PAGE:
There is one easy way to do this. Spend a lot less per month! (Gasp)

Hey, I never promised that getting ahead financially was going to be fun, did I? Mentally and financially, cutting back on your monthly expenses is very dull, hard work, especially at the beginning. It requires you to make hard decisions and sacrifices, and to have patience. However, once you get started, your cash savings start to build up. You can then use this accumulation of cash savings to build wealth over time through the commitment of that cash savings to sound, long-term investments. So, the sooner you get started accumulating cash savings, the sooner you can choose to live off the income from your investments instead of the income from your own labor. Or, if you want to, you can choose to continue to work. That is the great thing about doing the opposite of the typical American family: you have greater freedom to choose what you want to do when you want to do it. This is what is meant by achieving financial security and freedom, perhaps the best way to have fun and enjoy life.

Yeah it sucks

I can hear the metaphorical room splitting down the middle. Some of you are cheering for me and others are gathering your weapons to come to my house. For the second group, I can hear you muttering to yourself how difficult and unattractive it would be to get radical: “Cut back significantly on my monthly expenses? Forget that, that sucks” Yes, it would “suck.” Significantly cutting back on your monthly expenses could dramatically alter the lifestyle to which you have become accustomed, perhaps a comfortable lifestyle somewhat beyond your means. You might have to move to a less expensive house or apartment in a different part of town. You might have to sell your current car and buy a less expensive, more fuel-efficient car, carpool with someone else, or take public transportation. You might have to stop eating out at restaurants multiple times a week and just eat self-cooked meals at home and at work. You might have to cancel your overpriced (and overindulged?) cable or satellite TV services. You might have to live without the latest gadgets and gizmos and just stick with the perfectly good technology you already own. You might have to forgo exciting vacations overseas and just take cheap road trips here in the good ol’ U.S.A. You might have to do all of these things until you are living well within your means, living a lifestyle you can afford to live on the income you bring home each month.

Trust me, things could be worse

Yes, downsizing your lifestyle would “suck.” But, do you want to know what “sucks” worse than slashing your monthly expenses so that you can save and invest for the future? I’ll tell you:

-Growing old poor, unable to afford to travel and visit your grandkids living with their parents – your grown children – in another city or state

– Having only meager Social Security or pension checks to live off of in your retirement or in the case of our generation, probably no social security at all.

– Living your final decades on Earth as a potentially unwanted financial burden on your grown children’s families and their own futures

-Having no choice but to work up until the day you die because, over your lifetime, you failed to create any personal wealth that enables you to choose to stop working in your old age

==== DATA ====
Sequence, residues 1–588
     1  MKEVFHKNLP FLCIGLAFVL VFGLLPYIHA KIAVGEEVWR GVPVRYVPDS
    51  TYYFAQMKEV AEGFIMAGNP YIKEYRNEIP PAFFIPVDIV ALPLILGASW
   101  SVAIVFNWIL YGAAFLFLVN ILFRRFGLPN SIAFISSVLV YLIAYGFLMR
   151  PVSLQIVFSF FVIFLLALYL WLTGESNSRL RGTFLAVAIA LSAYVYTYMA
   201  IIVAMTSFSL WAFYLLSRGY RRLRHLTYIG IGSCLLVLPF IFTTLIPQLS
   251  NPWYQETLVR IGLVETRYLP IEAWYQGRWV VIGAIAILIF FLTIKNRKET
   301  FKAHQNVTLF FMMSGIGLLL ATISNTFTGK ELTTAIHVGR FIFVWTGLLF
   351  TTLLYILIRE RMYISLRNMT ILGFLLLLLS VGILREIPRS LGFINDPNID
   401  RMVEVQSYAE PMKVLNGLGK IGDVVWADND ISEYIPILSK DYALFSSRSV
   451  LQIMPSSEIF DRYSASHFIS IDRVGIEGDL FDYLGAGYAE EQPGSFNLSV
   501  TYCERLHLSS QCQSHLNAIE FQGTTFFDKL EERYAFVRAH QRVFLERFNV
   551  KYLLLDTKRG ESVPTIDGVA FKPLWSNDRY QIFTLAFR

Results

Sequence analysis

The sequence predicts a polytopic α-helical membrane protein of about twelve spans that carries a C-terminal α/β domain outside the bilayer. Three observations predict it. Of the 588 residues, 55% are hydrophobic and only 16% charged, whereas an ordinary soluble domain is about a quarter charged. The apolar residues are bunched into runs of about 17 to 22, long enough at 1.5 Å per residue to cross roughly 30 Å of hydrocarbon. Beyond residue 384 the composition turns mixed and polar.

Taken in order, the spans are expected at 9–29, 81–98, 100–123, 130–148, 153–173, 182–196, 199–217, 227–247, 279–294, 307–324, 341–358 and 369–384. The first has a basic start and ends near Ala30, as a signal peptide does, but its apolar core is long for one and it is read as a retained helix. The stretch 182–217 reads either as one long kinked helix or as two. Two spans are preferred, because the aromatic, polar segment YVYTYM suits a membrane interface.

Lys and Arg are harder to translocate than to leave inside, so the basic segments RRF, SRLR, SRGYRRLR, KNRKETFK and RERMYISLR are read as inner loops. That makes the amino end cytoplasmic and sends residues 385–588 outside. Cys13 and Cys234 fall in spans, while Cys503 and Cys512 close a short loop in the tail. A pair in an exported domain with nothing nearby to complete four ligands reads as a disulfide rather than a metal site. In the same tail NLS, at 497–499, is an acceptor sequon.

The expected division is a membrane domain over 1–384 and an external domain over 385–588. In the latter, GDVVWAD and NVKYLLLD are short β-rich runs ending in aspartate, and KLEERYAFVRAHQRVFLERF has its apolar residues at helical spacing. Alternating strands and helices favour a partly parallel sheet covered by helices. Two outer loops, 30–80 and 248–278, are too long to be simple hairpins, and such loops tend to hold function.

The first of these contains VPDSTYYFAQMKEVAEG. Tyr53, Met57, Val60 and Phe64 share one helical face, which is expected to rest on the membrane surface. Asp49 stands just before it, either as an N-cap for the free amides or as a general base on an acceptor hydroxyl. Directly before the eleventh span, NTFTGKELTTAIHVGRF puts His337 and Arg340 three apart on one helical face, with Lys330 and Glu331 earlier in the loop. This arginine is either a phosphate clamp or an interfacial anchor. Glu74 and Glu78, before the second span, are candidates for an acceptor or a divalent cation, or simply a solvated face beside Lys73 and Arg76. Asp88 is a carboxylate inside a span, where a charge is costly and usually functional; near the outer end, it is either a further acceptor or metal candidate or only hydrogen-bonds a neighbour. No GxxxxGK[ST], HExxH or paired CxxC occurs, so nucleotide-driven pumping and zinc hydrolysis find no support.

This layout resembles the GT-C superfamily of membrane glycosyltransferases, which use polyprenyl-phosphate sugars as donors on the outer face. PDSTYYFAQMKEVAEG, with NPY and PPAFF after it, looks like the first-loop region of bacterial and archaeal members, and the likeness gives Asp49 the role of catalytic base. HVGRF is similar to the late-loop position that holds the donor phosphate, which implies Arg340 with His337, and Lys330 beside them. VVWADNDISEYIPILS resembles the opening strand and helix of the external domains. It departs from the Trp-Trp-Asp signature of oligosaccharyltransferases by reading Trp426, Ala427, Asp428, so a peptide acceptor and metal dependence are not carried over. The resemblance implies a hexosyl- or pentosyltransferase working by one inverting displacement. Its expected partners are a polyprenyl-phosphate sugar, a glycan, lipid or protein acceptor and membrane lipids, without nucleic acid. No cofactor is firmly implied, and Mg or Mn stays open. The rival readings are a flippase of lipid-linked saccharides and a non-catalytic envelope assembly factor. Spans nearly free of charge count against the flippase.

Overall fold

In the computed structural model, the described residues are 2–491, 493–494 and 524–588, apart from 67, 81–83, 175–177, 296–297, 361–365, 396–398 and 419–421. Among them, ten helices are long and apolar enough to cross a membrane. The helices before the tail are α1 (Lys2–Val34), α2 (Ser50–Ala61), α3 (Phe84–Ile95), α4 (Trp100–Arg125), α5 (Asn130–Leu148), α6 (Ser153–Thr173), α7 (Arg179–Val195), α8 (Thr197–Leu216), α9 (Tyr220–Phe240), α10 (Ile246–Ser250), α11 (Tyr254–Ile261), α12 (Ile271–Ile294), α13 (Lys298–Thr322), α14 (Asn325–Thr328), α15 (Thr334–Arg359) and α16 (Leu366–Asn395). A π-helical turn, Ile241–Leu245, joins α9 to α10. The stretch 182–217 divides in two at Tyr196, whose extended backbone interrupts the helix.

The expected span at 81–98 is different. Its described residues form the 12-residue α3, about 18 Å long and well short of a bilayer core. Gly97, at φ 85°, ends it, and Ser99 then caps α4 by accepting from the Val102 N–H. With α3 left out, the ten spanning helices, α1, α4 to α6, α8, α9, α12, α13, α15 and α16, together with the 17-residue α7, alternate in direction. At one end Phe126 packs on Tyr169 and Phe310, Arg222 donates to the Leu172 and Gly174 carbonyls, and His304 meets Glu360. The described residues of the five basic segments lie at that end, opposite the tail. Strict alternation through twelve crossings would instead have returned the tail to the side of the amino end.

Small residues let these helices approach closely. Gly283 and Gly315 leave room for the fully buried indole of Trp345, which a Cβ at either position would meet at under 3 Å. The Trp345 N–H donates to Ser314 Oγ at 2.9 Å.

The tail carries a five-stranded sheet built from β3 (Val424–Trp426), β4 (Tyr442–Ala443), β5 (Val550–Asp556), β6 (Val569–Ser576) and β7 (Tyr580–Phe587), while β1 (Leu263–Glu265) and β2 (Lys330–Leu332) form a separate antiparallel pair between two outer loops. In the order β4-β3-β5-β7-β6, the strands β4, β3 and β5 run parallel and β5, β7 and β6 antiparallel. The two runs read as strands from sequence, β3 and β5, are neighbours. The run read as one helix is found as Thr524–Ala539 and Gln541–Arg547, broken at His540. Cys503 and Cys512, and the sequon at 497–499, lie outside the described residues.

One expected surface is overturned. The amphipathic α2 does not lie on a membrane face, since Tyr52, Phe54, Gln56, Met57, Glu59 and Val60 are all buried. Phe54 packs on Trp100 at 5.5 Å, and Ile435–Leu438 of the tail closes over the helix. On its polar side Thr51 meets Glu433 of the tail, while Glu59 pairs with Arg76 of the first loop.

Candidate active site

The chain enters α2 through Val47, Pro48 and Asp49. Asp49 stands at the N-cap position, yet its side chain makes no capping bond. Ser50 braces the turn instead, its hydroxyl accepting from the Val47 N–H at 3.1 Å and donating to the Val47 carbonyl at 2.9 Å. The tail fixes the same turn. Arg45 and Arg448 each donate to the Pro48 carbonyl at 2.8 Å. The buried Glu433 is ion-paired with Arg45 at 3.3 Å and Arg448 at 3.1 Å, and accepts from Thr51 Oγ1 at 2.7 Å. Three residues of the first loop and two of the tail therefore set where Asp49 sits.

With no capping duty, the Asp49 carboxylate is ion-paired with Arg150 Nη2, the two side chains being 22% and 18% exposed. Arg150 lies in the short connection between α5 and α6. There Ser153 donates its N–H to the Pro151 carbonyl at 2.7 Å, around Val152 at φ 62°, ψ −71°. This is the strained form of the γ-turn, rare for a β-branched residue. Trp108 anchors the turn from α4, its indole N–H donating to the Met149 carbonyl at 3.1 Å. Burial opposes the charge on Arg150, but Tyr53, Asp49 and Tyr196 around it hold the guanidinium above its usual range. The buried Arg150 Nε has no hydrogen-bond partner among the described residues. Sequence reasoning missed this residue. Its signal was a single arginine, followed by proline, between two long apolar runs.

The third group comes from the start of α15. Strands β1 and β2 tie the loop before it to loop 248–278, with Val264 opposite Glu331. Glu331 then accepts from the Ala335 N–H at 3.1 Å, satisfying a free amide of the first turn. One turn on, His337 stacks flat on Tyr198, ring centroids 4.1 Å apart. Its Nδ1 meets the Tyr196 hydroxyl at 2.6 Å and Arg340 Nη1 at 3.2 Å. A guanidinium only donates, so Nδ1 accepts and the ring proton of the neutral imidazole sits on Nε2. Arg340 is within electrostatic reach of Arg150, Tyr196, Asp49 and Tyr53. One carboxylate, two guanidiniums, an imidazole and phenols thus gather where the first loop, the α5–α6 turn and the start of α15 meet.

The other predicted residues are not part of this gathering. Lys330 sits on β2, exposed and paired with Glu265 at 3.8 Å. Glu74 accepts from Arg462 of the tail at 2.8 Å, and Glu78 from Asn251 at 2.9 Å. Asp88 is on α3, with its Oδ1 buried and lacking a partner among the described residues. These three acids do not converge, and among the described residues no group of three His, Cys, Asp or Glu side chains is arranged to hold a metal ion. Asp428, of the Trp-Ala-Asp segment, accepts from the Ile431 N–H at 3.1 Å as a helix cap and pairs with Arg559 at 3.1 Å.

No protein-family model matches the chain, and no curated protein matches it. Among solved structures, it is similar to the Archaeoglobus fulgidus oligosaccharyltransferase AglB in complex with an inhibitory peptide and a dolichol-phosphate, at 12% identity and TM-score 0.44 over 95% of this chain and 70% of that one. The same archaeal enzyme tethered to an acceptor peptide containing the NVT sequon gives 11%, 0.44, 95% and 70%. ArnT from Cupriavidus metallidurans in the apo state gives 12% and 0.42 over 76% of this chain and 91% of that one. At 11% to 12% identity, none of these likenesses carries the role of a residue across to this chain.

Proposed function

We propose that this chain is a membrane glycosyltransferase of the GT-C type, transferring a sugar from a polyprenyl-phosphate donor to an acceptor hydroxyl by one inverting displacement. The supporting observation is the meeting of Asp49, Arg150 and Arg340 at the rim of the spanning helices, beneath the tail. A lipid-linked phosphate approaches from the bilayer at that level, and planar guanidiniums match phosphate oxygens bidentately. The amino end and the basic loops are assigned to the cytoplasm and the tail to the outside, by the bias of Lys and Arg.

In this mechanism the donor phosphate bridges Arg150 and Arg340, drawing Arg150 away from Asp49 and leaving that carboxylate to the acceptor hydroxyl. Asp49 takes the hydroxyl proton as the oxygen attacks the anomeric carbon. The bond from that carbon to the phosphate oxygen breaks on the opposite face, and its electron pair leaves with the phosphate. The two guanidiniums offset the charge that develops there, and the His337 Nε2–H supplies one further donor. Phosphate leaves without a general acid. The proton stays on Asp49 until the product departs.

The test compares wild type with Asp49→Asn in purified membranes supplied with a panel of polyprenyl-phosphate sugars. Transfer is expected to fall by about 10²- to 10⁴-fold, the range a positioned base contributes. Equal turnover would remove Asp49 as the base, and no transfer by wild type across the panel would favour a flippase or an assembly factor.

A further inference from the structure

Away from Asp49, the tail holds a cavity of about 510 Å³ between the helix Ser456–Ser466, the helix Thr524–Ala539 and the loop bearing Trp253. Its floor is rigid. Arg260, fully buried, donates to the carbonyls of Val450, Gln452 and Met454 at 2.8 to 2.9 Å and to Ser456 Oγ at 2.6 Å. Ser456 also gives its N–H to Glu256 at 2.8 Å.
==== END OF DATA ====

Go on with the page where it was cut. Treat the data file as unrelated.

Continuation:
-Dying penniless, leaving behind no legacy of financial security for your family’s future generations

That is what “sucks” worse. And, that is exactly what a good portion of the people you know (some estimates put it as high as two in three Americans!) are going to do.

 

Do something

You do not have to live your lifestyle the way you live it today. Your lifestyle is largely a matter of choice – your choice. With the exception of financial obligations such as government taxes, court orders to garnish your wages, debt payments to creditors, or other payments for which you have a moral, ethical, or legal responsibility to pay, the cash you earn each month is your cash, and you alone choose to whom you hand over your cash each month. In other words, to save or not to save your cash is largely your voluntary choice.

Stash a large chunk of the cash you earn each month into savings – what a radical idea, huh? Well, if the U.S. government’s personal saving statistics are to be believed, saving cash apparently is a radical idea in early 21st century America. Each month, “financial radicals” across America choose to stash a large chunk of their cash income into savings – cash held at the ready to provide financial security and/or to fund sound, long-term investments. These financial radicals demonstrate a strong preference to save and invest for a brighter future than to spend their hard-earned cash on wealth-depleting consumer goods and services in the here and now.

What about you? If you have made the choice to do what it takes to build wealth over the long term, consider living a “crazy” lifestyle. To do so, make whatever lifestyle changes necessary for you to minimize the amount of cash that you voluntarily hand over each and every month to retailers, restaurants, finance companies, entertainment companies, utility companies, grocery stores, and others. Use the cash left over each month to build financial security and freedom for you and your family over the long term. It all starts when you refuse to live a lifestyle you cannot afford on the income you bring home each month.

Expensive cell phone? Cut it. Expensive car? Sell it. Expensive stuff laying around your house that you don’t need/dont use? Sell it and put the money in savings. Eating out every day? Stop. Personal trainer? Motivate yourself (and use resources such as fitnesstitans.com
Buying tons of groceries? Add a garden this summer. Still spending too much on gas? Ride your bike. Cut up your credit cards.

Its a battle, win it. Its the American dream, live it.